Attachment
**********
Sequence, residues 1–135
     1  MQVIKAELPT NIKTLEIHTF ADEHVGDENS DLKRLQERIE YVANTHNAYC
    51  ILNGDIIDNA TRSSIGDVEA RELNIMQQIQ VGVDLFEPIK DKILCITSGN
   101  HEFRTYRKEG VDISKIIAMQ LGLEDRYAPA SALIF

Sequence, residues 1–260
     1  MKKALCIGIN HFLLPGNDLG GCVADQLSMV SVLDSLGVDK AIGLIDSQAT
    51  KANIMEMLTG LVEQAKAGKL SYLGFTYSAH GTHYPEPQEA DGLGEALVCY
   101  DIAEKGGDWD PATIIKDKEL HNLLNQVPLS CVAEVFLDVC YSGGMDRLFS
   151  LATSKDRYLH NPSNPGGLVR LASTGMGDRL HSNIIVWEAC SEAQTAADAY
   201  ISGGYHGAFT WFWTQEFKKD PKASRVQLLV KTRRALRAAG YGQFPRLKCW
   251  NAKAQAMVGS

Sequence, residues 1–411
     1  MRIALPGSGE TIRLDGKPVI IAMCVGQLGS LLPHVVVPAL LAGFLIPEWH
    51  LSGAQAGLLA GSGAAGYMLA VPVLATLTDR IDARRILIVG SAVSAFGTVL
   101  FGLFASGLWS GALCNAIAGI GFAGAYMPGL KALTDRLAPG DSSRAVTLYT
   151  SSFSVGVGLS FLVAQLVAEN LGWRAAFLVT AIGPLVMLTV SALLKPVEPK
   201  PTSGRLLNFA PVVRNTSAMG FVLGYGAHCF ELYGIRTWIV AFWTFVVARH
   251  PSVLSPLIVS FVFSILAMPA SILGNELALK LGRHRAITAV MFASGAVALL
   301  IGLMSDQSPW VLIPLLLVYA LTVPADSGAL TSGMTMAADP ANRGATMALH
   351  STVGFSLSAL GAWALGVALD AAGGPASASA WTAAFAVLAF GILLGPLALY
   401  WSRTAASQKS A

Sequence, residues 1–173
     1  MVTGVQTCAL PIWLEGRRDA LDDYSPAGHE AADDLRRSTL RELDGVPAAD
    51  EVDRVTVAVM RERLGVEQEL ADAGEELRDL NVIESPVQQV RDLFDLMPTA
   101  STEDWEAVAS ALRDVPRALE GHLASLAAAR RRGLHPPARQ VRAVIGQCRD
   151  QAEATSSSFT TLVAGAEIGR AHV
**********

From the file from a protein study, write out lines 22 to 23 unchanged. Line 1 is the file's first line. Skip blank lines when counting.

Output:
Sequence, residues 1–173
     1  MVTGVQTCAL PIWLEGRRDA LDDYSPAGHE AADDLRRSTL RELDGVPAAD